Beekeeping, also known as apiculture, is incredibly important to the agricultural success of the planet. Bees provide crucial pollination to numerous native species as well as to agriculturally important crops. Researchers have identified over 20,000 different bee species across the globe, with 4,000 different native species in the United States. The most popular apiculture species is the western honey bee (Apis mellifera).
In beekeeping, bee hives don't always prosper and thrive. Various diseases and pests can cause the collapse of a colony of bees. When that occurs, beekeepers can clean the hive and reuse it for another colony of bees. However, they must take special precautions when cleaning to prevent disease.
When Should You Clean a Bee Hive?
Bees typically do a pretty great job keeping their home clean and tidy. However, beekeepers sometimes encounter hives that have been abandoned or colonies where the bees have all died off.
Some of the most common reasons for a honeybee hive to die out include:
- Colony collapse disorder
- Wax moths in hive
- Various mites in hive
- Small hive beetles
- Bacterial, fungal or viral infections
Beekeepers can reuse these hives for future colonies, but it's important for them to make sure they clean and sanitize them properly. Proper cleaning can prevent whatever killed the previous hive from causing problems for the new residents. If the hive is not cleaned properly, bacteria, fungus, mites and other pests can continue to infect the newly-introduced bees.
How to Clean Bee Hives
Please remember that only a trained adult should clean beehives. The proper cleaning process requires the use of boiling water, which can be dangerous and cause burns when used improperly.
Things You'll Need
- Protective gear - clothing, gloves, goggles, etc.
- Large freezer (if possible)
- Flat scraper to remove wax and debris
- Soda ash/washing soda (not to be confused with baking soda)
- Large soaking tub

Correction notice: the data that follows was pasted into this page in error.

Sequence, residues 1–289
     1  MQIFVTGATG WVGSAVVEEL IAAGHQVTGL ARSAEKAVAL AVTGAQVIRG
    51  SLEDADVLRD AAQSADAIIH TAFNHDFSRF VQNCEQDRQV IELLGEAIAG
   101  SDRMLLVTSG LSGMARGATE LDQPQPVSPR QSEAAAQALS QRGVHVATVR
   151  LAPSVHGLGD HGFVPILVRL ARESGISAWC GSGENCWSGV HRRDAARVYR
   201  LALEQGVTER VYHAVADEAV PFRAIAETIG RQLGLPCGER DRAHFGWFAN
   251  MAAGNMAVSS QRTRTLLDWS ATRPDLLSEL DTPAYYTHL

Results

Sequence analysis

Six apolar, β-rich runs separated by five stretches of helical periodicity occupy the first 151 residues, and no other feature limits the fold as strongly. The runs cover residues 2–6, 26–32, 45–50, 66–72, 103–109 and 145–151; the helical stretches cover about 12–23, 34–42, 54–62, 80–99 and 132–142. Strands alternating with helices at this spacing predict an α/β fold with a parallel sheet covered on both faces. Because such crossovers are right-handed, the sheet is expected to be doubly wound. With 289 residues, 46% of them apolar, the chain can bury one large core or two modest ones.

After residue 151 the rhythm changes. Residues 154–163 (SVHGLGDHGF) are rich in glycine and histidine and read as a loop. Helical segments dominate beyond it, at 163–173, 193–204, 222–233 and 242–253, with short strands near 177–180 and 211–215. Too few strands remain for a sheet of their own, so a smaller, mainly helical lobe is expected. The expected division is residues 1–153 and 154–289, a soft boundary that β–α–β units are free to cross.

- Large cooling tub
- Rope/string to lower frames into hot water
The beekeeper should begin by removing each frame from the beehive. They should remove as much remaining wax as possible, taking care to burn all removed debris if the hive had a confirmed disease or infestation. After removing the majority of the wax, the beekeeper then uses a scraper to remove any remaining residue. This process is also repeated with the interior of the frame of the hive as well.
During this process, special care should be taken with the corners of the frames. Mites and other pests can wedge themselves into crevices and any debris present could help protect them from the cleaning process.
Prior to sterilizing the frames in a washing soda solution, beekeepers often take the cleaned frames and place them in a large freezer, such as a chest freezer. Freezing temperatures effectively kill many pests that infest hives, such as mites and wax moths. This reduces the likelihood of reinfection.
Using a concentration of one pound of washing soda (sodium carbonate) to one gallon of water, create enough solution to fill your soaking tub. To thoroughly destroy any bacteria, fungus, virus or other contaminants, the solution should be brought to boiling before pouring in the tub.
Beekeepers should use extreme caution during this step. Utilizing protective eyewear, waterproof and heat-resistant gloves and protective clothing is advisable.
Once the solution is ready and heated, the beekeeper then dips each frame into the solution using a rope or string. They fully submerge the frame for a period of one or two minutes before removing the frame and placing it somewhere it can dry fully. This process is repeated until each frame has been sanitized and dried, then the beekeeper reassembles the freshly cleaned and sanitized hive.
Once cleaned and dry, the hive is ready to have a new colony introduced and begin producing honey once again!
- United States Geological Survey: How Many Species of Native Bees are in the United States?
- University of Arkansas Division of Agriculture: About Honey Bees - Types, Races and Anatomy
- The Food & Environment Research Agency: Hive Cleaning and Sterilization
- University of Arkansas Division of Agriculture: Honey Bee Parasites, Hive Pests and Bee Diseases
About the Author
Marina Somma is a freelance writer and animal trainer. She holds a B.A. in Psychology and a B.S. in Marine and Environmental Biology & Policy from Monmouth University. Marina has worked with a number of publications involving animal science, behavior and training, including animals.net, SmallDogsAcademy and more.